HOW CAN GOVERNMENTS AND ORGANIZATIONS SUPPORT WORKERS IN TRANSITIONING TO NEW ROLES AS A RESULT OF TECHNOLOGICAL DISRUPTION

Technological disruption through automation and artificial intelligence is likely to significantly impact many jobs and industries in the coming years. While this disruption may increase productivity and economic growth, it also risks displacing many workers who need to transition to new roles. Both governments and organizations have an important role to play in supporting workers through this transition.

To help workers transition effectively, governments should significantly increase funding for retraining and skills development programs. Workers needing to transition out of declining industries will require support to learn new skills and qualify for in-demand jobs of the future. By making community college free or low-cost, and offering grants/loans for vocational training programs, more workers can access education and retool their careers. Retraining programs should be designed based on detailed forecasts of which jobs are most likely to be impacted and which emerging jobs will need to be filled. This ensures retraining funds are targeted to support transitions into stable, growing career paths.

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Governments can also establish online reemployment centers to help workers explore career options. Through skills assessments and job matching tools, these centers can guide workers towards suitable training programs based on their existing experience and skills. Centers could also offer remote digital skills courses to help workers gain qualifications for more technology-focused jobs even if they are unable to physically attend classes. Case managers at the centers can provide ongoing career coaching and help with job applications.

Meanwhile, direct financial assistance for displaced workers during their retraining period is also important. Extended unemployment benefits that last beyond traditional periods can help cover living expenses while workers upgrade their skills through longer term training programs. Targeted wage subsidies for employers who hire retrained workers getting a foothold in a new industry can further boost transitions.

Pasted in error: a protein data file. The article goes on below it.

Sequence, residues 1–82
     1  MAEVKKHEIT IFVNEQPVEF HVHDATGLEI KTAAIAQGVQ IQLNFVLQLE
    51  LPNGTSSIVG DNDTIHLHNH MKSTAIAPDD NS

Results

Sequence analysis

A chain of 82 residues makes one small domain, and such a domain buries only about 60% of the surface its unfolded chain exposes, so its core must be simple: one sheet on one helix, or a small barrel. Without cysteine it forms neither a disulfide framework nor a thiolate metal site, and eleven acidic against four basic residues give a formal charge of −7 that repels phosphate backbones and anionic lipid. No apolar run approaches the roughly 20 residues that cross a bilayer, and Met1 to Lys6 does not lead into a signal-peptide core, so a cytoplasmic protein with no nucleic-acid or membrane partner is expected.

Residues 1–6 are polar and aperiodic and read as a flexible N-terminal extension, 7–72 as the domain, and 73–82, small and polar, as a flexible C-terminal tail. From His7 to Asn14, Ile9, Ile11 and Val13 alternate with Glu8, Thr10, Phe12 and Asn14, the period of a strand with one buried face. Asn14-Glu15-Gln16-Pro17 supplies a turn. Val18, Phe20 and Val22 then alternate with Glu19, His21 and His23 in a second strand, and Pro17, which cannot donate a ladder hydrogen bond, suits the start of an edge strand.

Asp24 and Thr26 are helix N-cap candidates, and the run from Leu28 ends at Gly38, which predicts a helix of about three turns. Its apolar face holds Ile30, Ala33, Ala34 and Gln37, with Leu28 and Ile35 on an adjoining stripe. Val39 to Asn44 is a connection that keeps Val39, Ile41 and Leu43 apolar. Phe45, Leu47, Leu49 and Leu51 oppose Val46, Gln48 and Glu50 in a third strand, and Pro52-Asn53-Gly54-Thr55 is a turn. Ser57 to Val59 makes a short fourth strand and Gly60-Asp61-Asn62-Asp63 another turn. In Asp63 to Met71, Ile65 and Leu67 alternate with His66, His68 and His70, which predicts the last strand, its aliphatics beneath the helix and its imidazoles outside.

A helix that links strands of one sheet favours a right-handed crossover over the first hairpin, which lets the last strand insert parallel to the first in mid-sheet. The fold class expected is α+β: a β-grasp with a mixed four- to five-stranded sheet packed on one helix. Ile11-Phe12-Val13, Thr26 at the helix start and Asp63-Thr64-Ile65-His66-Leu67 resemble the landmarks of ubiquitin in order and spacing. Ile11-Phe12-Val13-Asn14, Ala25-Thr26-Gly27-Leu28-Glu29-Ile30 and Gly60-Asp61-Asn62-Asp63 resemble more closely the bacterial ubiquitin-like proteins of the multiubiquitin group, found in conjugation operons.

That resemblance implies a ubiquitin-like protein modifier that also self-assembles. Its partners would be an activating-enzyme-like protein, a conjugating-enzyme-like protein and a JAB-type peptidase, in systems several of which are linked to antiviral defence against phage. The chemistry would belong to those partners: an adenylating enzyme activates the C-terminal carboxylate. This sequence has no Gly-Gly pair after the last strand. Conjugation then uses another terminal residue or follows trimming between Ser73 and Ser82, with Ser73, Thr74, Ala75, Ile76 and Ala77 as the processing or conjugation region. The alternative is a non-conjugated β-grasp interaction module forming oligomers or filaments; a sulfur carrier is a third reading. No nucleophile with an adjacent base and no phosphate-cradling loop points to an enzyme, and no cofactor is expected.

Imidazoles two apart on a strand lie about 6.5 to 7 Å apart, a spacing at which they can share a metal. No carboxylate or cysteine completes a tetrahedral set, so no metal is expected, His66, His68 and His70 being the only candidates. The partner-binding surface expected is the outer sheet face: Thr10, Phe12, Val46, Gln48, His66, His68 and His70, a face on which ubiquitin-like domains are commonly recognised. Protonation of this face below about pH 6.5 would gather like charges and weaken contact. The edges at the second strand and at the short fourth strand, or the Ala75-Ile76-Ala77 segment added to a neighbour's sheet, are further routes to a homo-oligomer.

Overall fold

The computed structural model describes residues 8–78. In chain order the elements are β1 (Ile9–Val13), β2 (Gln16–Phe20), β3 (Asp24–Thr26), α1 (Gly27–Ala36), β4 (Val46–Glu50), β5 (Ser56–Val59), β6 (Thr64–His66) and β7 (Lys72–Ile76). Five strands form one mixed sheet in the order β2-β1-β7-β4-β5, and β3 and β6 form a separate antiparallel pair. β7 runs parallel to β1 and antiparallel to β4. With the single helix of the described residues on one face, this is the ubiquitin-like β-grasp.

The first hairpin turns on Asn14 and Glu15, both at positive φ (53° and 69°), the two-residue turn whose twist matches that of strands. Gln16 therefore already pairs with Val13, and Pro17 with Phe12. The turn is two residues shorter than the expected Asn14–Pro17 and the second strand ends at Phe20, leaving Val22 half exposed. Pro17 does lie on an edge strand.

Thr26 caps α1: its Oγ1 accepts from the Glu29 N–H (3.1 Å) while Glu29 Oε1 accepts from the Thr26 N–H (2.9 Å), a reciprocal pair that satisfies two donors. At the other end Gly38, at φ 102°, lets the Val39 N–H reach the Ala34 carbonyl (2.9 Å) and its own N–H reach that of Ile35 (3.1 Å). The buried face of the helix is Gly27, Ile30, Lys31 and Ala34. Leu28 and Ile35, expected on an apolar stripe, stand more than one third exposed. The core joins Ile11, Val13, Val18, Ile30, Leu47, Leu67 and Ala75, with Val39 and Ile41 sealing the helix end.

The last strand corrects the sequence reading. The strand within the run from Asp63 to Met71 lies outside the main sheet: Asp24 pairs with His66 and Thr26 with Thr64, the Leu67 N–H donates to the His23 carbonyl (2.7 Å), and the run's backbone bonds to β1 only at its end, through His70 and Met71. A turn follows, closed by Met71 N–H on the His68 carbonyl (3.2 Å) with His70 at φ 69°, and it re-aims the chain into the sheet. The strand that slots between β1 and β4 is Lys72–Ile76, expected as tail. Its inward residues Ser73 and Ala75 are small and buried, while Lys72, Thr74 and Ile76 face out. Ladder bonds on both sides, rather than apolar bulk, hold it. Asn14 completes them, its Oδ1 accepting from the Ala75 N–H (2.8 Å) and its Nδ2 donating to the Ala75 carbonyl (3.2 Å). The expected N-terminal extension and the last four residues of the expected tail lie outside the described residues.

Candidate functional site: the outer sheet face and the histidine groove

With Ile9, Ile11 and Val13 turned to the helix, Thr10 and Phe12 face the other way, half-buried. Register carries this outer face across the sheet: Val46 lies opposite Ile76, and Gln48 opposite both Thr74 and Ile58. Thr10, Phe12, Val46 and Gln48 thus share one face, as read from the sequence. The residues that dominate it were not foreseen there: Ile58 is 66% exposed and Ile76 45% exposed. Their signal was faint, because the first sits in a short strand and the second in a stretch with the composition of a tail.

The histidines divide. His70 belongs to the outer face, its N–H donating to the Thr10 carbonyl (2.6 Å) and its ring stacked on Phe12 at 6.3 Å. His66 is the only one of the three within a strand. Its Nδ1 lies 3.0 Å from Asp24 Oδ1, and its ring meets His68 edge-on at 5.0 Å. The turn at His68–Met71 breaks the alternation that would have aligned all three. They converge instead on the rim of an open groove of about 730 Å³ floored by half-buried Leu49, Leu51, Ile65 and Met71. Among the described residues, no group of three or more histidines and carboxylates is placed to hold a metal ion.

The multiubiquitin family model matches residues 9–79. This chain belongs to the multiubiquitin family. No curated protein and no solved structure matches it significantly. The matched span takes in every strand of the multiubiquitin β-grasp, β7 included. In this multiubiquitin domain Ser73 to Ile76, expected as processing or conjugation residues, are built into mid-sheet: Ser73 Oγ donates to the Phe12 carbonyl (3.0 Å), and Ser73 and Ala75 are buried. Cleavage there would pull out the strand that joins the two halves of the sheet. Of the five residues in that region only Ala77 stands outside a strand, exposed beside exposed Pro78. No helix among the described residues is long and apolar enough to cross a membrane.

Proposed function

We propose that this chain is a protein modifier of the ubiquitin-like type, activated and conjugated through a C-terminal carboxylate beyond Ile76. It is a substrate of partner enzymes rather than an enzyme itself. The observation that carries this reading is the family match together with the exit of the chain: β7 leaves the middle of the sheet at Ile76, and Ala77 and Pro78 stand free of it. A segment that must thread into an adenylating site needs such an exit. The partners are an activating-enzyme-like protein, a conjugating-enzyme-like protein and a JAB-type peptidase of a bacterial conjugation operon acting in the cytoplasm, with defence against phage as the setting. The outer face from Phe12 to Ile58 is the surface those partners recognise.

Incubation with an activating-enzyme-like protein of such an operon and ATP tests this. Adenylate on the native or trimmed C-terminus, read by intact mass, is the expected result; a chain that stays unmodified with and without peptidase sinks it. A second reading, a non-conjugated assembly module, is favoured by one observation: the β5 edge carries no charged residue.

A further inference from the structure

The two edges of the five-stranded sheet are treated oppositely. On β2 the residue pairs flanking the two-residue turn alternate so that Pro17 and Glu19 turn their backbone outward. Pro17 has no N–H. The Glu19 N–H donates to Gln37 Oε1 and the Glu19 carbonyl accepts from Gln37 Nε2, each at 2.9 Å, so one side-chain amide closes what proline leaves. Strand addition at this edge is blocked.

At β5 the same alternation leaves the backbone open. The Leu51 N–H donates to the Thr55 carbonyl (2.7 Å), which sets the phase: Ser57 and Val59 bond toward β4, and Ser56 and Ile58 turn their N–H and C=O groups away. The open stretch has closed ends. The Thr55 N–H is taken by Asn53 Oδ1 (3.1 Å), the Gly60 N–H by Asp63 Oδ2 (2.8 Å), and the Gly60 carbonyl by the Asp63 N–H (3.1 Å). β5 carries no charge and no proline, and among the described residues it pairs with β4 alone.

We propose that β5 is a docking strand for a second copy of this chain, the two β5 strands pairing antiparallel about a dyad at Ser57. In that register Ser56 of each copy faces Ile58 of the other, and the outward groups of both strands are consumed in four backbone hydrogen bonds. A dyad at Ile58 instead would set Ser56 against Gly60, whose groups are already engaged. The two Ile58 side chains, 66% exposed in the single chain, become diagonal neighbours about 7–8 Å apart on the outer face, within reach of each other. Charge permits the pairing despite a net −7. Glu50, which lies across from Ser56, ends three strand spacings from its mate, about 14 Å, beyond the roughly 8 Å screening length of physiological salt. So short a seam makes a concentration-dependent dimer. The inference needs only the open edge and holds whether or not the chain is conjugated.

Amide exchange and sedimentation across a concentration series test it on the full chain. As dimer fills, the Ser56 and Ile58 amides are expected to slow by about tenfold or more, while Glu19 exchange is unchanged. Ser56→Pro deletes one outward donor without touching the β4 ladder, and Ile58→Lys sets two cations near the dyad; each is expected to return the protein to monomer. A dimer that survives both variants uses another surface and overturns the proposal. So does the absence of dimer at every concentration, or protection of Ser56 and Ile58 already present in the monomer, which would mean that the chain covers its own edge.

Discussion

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Organizations undergoing technological changes also have a role to play in reskilling incumbent employees. They should provide transparency around how roles may evolve or become redundant over time so workers are aware of coming changes. Internal retraining programs focused on in-demand digital skills can help existing employees transition into newly created roles driven by technology adoption, keeping valuable institutional knowledge within the organization. Where full internal transitions are not possible, organizations should offer generous severance packages and outplacement services connecting departing employees to available training opportunities and jobs.

Governments could incentivize such organizational support through tax credits for businesses that engage in on-the-job training or fund external courses for a significant percentage of their workforce annually. Collaboration with community colleges on curriculum development ensures training aligns with emerging industry needs. This type of public-private partnership optimizes resources to support widespread, effective upskilling of displaced workers.

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As automation continues, lifelong learning will become increasingly important for workers to stay employable. Governments and organizations must work together to establish an adaptive, supportive environment where workers feel empowered and equipped to continually upgrade their skills throughout their careers in response to changing job requirements. With coordinated, collaborative efforts focused on robust retraining options and financial assistance, societies can help workers successfully navigate technological disruption and transition to new opportunities.

By significantly increasing funding for well-designed retraining programs, establishing online career centers, offering direct financial assistance to displaced workers and incentivizing organizations to support upskilling, governments and organizations can play a key role in easing the disruption of technological change on workers and smoothing their transitions to emerging jobs and industries. A dedication to reskilling and lifelong learning will be vital to ensuring workers are empowered participants in our increasingly technology-driven economies.

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